Joe Scarborough: You know, Republicans will say, well, it's their money. They get the tax cuts. They can do what they want to do with it. These the same Republicans who sold the tax cut by saying they would use it to help workers. They'd use it to expand operations. They'd use it for cash reserves. They didn't do that. I want to ask you something about something that was on NPR's morning edition this morning. Richard Burr, good friend of mine from way back, the Intel chief of the United States Senate. There was a recording of Richard Burr that Tim Mak at NPR got his hands on, talking to a North Carolina business group three weeks ago, warning them not to travel to Europe three weeks ago. That was, by the way, 15 days before the State Department issued the same warning and compared the coronavirus, three weeks ago—excuse me for being upset—three weeks ago to the 1918 Spanish flu and warned them of everything that has unfolded over the past three weeks. How could it be a Republican senator could warn his constituents on Capitol Hill about this three weeks ago, and this administration is still flat-footed today?
Sen. Schumer: Well, that's the big question. That's the big problem. But our number one job, Joe, is to try and -- with people in the White House, who seem at least to understand some of the magnitude here, Mnuchin, he has a Wall Street point of view. I don't, and we’re going to have to make sure that has curbed his view in what we propose, but we have to come together and move forward.
Joe Scarborough: I agree.
Sen. Schumer: You said it very well, this will be a very valid theme in November. I think the American people know when the president says he's always thought it's a crisis, they heard his words a week ago when he was downplaying it. Now, we have to be all hands on deck. This is one of the most serious crises we've faced in the history of the county.
Joe Scarborough: I agree.
Sen. Schumer: I know you do.
Joe Scarborough: My question is this though, how do we ensure—because, again, I don't want to talk about what happened in the past. I want to talk about what's happening now.
Sen. Schumer: Yes.
Joe Scarborough: How do we ensure that every New Yorker, every person from Ohio, every person from Florida, Arizona, Wisconsin, California, everybody that needs a test gets a test? How do we get there from here?
Sen. Schumer: Well, there are a couple of things that can be done. Last week, I was on the phone, our governor, our mayor were all on the phone with the Vice President saying, let New York approve its own testing. We have labs in New York. We have hospitals in New York who are eager to go. Finally, they did that. and I think New York, you'll see many more tests in the near future. Every state should be allowed to go forward. One of the big problems is that the FDA and the CDC take so long to approve a test. They not looking at it at the level of crisis that we have now, that many more people will die if we don't approve these tests quickly. As you said, they're essential. When they imposed the quarantine on the mayor in New Rochelle, he was begging the White House for tests. The governor was begging them for tests. He said, if I could test everyone in New Rochelle—this is one of the first places that imposed semi-quarantine—I could test them, if you had the virus, you'd stay in your house, if you didn't, you could go to the stores, go to the shops, and we wouldn't have this crisis.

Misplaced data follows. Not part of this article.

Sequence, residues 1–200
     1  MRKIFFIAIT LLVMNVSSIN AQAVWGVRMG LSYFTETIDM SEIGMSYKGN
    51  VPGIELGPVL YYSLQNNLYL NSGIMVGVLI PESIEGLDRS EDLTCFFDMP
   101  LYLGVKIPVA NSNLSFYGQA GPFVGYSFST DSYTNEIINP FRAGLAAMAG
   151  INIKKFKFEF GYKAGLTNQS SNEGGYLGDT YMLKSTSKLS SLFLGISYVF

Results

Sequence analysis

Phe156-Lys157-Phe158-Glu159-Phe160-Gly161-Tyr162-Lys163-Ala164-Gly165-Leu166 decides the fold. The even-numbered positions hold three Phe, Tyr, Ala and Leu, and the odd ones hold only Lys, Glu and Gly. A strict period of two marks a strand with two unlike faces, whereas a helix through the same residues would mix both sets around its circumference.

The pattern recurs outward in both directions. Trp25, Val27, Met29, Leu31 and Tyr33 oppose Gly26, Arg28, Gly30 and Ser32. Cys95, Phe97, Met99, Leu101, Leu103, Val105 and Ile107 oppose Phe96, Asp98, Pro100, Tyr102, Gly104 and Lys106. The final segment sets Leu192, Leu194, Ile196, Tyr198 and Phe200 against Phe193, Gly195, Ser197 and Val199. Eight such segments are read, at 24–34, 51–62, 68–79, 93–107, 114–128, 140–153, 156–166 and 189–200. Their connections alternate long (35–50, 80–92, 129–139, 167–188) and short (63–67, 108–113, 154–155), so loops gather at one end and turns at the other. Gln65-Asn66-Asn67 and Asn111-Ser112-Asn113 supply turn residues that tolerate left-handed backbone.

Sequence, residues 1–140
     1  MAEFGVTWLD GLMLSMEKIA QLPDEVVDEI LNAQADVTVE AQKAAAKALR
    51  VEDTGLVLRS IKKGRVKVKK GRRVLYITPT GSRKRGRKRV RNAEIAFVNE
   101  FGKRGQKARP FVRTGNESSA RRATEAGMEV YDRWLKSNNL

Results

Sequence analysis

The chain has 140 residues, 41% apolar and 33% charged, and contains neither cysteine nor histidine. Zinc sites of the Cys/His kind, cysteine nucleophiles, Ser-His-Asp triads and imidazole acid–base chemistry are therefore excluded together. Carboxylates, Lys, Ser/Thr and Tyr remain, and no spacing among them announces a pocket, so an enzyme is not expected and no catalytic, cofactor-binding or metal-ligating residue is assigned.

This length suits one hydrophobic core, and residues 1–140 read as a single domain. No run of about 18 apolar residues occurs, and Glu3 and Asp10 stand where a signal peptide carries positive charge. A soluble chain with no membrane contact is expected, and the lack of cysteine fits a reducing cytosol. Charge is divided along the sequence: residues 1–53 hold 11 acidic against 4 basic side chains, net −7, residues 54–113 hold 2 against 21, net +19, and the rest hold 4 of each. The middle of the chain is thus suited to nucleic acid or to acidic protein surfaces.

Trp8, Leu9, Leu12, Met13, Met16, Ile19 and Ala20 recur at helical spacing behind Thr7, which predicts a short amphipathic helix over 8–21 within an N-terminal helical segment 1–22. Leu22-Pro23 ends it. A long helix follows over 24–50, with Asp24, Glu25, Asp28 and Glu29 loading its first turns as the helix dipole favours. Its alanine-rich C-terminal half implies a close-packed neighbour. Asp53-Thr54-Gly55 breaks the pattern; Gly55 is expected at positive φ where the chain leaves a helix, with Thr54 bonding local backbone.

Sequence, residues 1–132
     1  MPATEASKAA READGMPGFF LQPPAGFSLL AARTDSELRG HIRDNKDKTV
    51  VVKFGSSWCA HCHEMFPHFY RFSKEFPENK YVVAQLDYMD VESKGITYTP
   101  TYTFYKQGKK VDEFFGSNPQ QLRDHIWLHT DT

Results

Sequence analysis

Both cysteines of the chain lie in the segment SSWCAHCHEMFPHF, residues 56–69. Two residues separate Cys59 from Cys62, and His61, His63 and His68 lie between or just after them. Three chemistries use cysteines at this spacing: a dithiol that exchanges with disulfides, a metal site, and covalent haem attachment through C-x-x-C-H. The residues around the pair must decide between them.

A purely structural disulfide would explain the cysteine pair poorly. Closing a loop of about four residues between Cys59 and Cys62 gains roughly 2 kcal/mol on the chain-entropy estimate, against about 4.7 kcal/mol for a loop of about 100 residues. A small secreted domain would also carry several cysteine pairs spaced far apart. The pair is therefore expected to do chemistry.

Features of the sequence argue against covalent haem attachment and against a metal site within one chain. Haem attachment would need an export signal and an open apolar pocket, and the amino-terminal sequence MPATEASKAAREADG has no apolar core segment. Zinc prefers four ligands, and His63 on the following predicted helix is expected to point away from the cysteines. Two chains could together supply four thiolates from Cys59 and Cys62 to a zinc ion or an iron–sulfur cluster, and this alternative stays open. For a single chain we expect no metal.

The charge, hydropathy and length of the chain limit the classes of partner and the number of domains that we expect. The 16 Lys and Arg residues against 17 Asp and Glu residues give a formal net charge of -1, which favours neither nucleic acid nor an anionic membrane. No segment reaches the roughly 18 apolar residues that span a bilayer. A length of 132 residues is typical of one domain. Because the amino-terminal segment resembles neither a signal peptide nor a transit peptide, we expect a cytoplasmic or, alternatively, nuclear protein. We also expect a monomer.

Your anger is totally justified. I share it. I speak to New Yorkers all the time. You know, this crisis, it's devastating in a different way. What do New Yorkers like to do, what do Americans like to do in a time of crisis? Same thing we did after 9/11, come together, all as one people, no matter our backgrounds, everything. Now, we're isolated. I mean, I love being out with my constituents all the time and they tell me things. I'm on the phone all day, but it is not the same. We can't be near each other. That makes it even more—the uncertainty of what's going on, the lack of leadership, which you so aptly pointed out, and the inability of us to be together makes this crisis even more vexing.
But that demands real, strong
action. So what we're going to propose is the Marshall Plan for the hospitals.
We're going to propose this large increase in unemployment benefits. It is
almost employment benefits because the people will be employed again and
they're just furloughed. We're going to propose large increases in pay, in paid
sick leave, and in paid family leave. The bill we passed yesterday, and it was
a good sign, 90 votes, both sides of the aisle, but it didn't go far enough and
didn't cover enough people. It will. Finally, in the bailouts, we're going to
propose workers first. Dealing with the buybacks, dealing with corporate
salaries, making sure the workers are kept and paid full. And if we can do
these four things, and many others, Elizabeth Warren and I want to see student
loans forgiven during the period of the crisis. We're going to call for that.
We've got to call for some help with senior citizens. We need the National
Guard to be involved because who is going to deliver meals to the senior
citizens or the kids at school who used to get their best meal during the day?
So there's so, so much to do. We're
going to try in this Covid 3 legislation to cover a whole lot of it. We
hope we get the cooperation, Nancy and I do, of the administration
and of our
Senate Republican friends.
Mika Brzezinski: Senate Minority Leader Chuck Schumer, thank you.